Reflections on The Virtue Marathon from Running With The Demon

In Running With the Demon, Terry Brooks explores the power of the seemingly small decisions. I imagine that most readers have heard the parable of the two wolves, but I’ll summarize just in case: We all have two wolves inside us – one good, one evil. They battle for control of our hearts. Which one wins? The one we feed the most. The whole Word and the Void series, and Running With the Demon in particular, takes this principle and stretches it beyond the individual to the entire society. 

Spoilers coming. 

Throughout the book, the author repeatedly surfaces examples of small-scale goods and evils. Far from isolated actions, these deeds are skirmishes in the never-ending battle between Order and Chaos. 

For evil, we see both commonplace and supernatural indicators. Side characters discuss newspaper articles about tragedies from around the country with an air that says “surely this would never happen here.” The reader knows that it can and is. The bad feelings and the desperation produced by the steel mill strike is an explosion waiting to happen. Throughout, when we see demons influence people towards evil, they never start with a blank slate. They harness the evil that is already inside the human and gently nudge them towards one compromise at a time until they fall off a moral cliff. 

The most powerful image of the effect of small evils comes from The Feeders themselves. Invisible creatures of shadow who parasitically leech negative emotions from their hosts, these creatures of darkness are a concrete manifestation of the evil Brooks rails against. People may think that their secret sins go without effect, but in the Word and The Void series misdeeds literally increase the presence of evil in the world as feeders grow and reproduce. 

The Feeders

On the other side of the scale, we see the power of small kindnesses. The sylvan Pick’s faithful shepherding of the forest is a small, thankless goodness. Most park visitors take the park’s existence for granted, never considering the work of the park rangers they can see. They are incapable of knowing about the labors the little wooden man undertakes to maintain the spiritual health of their wood.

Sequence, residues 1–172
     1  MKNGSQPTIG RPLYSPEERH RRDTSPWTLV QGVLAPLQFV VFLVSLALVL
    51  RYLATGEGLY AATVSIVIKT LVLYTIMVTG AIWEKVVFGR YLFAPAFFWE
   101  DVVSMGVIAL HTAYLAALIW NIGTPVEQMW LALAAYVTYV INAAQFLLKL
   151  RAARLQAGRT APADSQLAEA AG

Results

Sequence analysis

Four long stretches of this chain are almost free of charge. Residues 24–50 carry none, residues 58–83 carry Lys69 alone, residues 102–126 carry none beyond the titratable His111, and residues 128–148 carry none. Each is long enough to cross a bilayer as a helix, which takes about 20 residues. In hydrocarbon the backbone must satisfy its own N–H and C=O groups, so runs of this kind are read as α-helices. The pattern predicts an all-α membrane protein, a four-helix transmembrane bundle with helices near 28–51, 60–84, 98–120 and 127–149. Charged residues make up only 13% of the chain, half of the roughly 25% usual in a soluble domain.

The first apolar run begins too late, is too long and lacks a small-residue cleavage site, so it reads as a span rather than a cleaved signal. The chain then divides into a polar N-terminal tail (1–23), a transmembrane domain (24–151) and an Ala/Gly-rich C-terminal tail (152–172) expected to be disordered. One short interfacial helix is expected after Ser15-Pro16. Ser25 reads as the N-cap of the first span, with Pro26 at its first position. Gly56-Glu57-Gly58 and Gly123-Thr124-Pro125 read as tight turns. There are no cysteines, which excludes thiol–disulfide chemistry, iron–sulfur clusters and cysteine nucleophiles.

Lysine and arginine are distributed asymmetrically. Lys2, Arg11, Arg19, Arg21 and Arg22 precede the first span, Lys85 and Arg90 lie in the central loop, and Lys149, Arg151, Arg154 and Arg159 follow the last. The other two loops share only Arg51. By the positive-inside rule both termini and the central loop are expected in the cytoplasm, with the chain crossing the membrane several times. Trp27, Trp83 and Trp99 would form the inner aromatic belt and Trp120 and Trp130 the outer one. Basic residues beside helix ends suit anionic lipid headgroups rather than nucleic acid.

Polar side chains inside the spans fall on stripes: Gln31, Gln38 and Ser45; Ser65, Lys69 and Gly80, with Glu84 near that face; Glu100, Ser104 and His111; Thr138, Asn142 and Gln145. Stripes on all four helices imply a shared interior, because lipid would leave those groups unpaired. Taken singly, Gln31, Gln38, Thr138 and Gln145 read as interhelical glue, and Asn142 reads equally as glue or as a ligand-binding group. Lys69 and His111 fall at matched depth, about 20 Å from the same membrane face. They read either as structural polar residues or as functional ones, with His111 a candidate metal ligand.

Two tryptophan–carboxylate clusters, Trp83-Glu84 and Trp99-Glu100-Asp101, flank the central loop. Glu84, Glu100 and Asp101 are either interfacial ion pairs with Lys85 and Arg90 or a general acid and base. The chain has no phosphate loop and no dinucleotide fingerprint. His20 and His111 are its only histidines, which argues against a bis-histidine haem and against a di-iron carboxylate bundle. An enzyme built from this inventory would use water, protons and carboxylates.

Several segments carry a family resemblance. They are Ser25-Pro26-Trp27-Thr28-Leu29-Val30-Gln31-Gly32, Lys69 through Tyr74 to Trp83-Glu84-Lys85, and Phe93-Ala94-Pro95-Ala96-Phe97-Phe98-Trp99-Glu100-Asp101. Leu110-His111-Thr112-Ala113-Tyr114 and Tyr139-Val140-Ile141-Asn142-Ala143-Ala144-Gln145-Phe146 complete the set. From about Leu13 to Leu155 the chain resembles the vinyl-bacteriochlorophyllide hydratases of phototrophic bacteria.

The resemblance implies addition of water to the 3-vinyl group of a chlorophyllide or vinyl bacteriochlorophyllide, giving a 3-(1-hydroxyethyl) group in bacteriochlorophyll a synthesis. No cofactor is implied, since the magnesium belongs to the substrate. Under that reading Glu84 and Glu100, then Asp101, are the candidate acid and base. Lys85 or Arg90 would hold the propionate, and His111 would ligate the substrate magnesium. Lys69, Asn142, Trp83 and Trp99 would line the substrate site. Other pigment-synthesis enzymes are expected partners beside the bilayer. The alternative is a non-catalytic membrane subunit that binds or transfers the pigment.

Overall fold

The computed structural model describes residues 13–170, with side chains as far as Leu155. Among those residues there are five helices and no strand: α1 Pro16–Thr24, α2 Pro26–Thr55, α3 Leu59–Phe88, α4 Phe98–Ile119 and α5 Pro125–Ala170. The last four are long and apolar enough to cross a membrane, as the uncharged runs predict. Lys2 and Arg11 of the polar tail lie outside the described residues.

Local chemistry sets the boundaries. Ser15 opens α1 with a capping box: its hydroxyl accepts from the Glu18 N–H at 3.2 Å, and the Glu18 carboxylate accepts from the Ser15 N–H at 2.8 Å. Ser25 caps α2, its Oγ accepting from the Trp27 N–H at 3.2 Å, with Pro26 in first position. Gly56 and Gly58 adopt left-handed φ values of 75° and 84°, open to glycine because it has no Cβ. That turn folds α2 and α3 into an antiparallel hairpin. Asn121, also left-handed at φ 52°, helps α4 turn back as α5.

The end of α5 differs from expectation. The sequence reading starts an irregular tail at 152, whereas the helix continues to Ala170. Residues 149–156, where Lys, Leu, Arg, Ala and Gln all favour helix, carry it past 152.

Josie the diner-owner’s unending friendliness is another. We clearly see the healing power of her positivity in her impact on John Ross, to say nothing of her patrons. 

Old Bob, retired steelworker, has not worked at the mill for several years, but his legendary work ethic and integrity makes him an influential part of the strike negotiations despite the years off. 

There is no good equivalent for the feeders. There are no angels or spirits that float nearby when people do good. We have to look harder to find the ripples that emanate from each good deed, but they are present in the text. 

In John Ross’ prophetic dreams, we see a nightmare post-apocalyptic future born when the accumulation of small evils overturns society. No matter how many battles John wins, that future never changes. Several times in the series, demons taunt our heroes, saying that their source of power is superior, because humanity tends towards evil. Tellingly, good triumphs, but with the dreams, we are reminded that each victory is a precursor to future battles.

So, is Mr. Brook’s point that we are all doomed, that civilized societies inevitably cycle towards moral depravity until they collapse under the weight of their own sins? 

On the surface, maybe. There is certainly a not-too-subtle warning in his text. 

Keep Climbing. (Photo by Samantha Garrote on Pexels.com)

I see in this series a call to action. It warns that if we do not actively seek to improve the lives of those around us, if we do not consciously seek goodness and kindness, we will slide towards evil. That goes for individuals as well as societies. So, stay vigilant. Keep your eyes and ears open for opportunities to lift up your brothers and sisters around you. 

I would like to conclude by paraphrasing an illustration that I originally heard from a pastor. He was talking about Christian living in particular, but I believe the principle applies to all faiths and moral codes:

Goodness is like climbing a greased rope or walking up a down escalator. If you stop moving, stop striving, you inevitably slide backwards.

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